Prolonged systemic hemodynamic effects generally do not occur with administration of rapid IV injection (in usual doses).1 3 28 However, persistent hypotension following IV injection may be more likely when the arrhythmia is not terminated.3

Risk of marked hypotension with large doses of continuous infusion.1 2 Use IV infusion with caution in patients with autonomic dysfunction, stenotic valvular heart disease, pericarditis or pericardial effusions, stenotic carotid artery disease with cerebrovascular insufficiency, or uncorrected hypovolemia.2 Discontinue infusion in patients who develop persistent or symptomatic hypotension.2

Possible increased systolic and diastolic blood pressures with continuous IV infusion;2 usually transient, but may last for several hours.2

Cardiac denervation in those who have undergone cardiac transplantation may enhance sensitivity to the bradycardic effects of the drug.3 28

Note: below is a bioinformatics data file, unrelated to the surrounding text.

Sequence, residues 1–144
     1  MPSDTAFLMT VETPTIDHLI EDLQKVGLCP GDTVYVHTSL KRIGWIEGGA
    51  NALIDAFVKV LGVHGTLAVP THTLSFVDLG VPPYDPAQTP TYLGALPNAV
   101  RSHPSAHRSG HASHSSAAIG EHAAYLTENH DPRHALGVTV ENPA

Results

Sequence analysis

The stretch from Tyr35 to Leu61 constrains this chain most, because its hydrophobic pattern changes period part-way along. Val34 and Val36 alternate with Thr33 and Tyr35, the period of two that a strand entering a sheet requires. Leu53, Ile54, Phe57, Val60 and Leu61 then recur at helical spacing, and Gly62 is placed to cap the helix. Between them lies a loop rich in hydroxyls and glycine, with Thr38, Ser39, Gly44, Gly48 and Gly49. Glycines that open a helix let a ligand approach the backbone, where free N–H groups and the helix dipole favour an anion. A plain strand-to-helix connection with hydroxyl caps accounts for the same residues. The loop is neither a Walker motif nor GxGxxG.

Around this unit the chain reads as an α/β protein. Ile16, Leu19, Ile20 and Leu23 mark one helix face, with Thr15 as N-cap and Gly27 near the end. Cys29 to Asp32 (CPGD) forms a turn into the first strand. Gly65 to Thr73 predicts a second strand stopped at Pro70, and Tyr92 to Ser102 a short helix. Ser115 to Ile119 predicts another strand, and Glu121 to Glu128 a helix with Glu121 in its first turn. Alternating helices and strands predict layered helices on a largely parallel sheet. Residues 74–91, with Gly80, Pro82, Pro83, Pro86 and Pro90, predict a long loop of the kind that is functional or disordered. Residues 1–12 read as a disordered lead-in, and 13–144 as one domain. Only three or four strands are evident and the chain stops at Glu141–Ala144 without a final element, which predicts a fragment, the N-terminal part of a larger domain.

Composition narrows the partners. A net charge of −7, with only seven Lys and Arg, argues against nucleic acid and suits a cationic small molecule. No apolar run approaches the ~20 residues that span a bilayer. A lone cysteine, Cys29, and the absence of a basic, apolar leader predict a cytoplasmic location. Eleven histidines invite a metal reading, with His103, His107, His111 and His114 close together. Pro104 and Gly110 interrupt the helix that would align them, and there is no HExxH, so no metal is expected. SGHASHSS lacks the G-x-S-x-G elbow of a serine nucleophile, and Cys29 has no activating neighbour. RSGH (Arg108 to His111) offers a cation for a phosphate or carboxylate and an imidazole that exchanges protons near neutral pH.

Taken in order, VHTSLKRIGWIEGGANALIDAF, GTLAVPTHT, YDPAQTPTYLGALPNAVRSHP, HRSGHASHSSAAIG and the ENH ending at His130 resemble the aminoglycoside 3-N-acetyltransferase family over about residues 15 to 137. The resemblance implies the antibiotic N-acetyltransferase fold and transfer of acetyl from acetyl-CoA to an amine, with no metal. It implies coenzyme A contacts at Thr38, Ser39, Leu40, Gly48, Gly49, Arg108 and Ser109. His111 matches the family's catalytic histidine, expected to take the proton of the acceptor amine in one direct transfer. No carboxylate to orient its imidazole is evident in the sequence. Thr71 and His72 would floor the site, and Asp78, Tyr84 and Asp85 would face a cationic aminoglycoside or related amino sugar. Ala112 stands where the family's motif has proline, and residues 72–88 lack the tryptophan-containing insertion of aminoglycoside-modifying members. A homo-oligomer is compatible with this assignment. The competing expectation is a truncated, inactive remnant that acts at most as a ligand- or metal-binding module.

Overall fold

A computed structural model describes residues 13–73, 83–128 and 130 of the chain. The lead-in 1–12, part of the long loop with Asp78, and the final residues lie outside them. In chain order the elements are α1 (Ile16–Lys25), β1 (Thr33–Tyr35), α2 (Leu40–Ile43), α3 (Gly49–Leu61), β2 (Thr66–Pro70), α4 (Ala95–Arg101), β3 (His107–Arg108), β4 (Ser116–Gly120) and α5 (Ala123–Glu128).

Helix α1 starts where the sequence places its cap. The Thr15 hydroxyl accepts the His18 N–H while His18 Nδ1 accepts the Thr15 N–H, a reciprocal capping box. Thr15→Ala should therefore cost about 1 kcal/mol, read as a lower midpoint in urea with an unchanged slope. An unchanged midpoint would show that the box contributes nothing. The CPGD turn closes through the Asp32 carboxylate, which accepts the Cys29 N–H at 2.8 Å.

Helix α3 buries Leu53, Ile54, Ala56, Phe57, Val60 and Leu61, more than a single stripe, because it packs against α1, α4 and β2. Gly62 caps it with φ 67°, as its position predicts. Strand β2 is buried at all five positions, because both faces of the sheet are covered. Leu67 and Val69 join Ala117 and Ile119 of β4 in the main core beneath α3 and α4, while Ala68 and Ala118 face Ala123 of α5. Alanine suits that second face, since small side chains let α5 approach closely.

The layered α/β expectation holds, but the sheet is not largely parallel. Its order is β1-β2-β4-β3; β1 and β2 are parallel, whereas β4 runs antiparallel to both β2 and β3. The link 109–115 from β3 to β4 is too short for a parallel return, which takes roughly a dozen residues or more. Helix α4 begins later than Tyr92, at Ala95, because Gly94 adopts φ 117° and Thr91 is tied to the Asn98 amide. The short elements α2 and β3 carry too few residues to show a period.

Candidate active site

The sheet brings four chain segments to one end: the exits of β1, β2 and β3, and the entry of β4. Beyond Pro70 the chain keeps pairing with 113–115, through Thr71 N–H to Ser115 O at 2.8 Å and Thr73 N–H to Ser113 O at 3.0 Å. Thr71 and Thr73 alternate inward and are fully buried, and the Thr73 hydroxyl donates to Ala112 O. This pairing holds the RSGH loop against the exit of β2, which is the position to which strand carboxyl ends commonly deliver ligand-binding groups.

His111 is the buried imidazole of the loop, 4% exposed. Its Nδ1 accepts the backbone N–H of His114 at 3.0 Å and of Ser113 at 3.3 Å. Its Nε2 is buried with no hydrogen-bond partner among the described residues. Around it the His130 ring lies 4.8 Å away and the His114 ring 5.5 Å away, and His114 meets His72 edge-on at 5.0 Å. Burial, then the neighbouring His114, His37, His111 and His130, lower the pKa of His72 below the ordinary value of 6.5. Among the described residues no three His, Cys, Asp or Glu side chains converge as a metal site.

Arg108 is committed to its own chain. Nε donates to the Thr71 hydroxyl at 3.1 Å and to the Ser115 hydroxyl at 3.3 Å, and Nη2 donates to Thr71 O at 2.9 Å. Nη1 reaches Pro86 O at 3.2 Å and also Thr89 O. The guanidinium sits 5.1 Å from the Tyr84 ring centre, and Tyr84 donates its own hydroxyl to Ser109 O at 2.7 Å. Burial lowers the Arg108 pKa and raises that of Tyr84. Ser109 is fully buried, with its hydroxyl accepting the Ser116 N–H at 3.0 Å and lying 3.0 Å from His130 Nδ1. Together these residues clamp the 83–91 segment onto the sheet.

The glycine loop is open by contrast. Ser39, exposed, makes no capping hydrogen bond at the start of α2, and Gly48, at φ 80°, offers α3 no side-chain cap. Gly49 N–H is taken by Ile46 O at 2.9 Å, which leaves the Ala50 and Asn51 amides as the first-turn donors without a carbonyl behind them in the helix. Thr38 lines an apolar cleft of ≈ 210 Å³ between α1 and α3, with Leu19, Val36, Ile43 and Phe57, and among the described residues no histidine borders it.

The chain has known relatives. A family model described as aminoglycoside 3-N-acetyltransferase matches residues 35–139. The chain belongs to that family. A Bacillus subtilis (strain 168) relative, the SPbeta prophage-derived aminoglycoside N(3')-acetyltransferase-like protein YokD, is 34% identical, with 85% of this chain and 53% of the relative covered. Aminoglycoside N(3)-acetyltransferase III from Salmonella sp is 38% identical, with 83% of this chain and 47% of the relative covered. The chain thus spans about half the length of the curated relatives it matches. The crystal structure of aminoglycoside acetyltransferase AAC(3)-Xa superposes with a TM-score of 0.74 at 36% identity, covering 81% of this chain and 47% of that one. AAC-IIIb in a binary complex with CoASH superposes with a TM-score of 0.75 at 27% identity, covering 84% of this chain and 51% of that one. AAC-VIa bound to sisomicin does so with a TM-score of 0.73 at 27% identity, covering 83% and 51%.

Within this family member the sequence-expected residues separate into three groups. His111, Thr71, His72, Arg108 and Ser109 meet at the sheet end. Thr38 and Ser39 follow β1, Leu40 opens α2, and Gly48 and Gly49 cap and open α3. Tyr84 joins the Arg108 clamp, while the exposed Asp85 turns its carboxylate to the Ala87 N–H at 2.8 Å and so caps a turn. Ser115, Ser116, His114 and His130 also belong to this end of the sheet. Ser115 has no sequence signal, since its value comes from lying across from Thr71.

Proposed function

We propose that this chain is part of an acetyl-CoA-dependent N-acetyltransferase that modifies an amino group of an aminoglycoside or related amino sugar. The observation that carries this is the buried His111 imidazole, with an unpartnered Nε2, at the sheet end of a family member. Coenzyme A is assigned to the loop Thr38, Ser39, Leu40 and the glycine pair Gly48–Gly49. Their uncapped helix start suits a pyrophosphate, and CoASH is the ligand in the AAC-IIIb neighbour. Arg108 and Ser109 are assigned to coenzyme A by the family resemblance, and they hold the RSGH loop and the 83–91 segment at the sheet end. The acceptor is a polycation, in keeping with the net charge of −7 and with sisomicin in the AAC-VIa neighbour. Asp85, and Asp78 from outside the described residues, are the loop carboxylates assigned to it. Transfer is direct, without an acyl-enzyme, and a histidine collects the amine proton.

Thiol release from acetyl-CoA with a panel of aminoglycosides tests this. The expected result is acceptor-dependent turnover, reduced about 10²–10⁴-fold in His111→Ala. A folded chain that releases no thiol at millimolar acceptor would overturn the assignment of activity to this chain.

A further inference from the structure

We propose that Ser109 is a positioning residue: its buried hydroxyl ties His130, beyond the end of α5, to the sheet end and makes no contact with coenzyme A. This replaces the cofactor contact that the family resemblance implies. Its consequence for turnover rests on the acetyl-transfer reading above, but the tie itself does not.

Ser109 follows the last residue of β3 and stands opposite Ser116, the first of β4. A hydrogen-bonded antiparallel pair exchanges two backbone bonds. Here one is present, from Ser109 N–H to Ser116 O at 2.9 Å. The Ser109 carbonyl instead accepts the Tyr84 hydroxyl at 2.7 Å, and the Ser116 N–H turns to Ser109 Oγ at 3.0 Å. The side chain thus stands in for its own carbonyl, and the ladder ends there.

Appropriate resuscitative measures should be readily available.1 28

Respiratory Effects

Risk of mild to moderate exacerbation of symptoms (i.e., bronchoconstriction) in patients with asthma; such effects have not been observed in healthy individuals.1 2 3 12 22 23 (See Contraindications under Cautions.)

Use with caution in patients with obstructive lung disease not associated with bronchoconstriction (e.g., emphysema, bronchitis),1 2 22 23 since respiratory compromise may occur during IV infusion.1 2 Discontinue the drug in patients who develop severe respiratory difficulty.1 2

Transient dyspnea2 3 14 or urge to breathe deeply (rarely requiring intervention) may occur with IV infusion.2

Specific Populations


Category C.1 2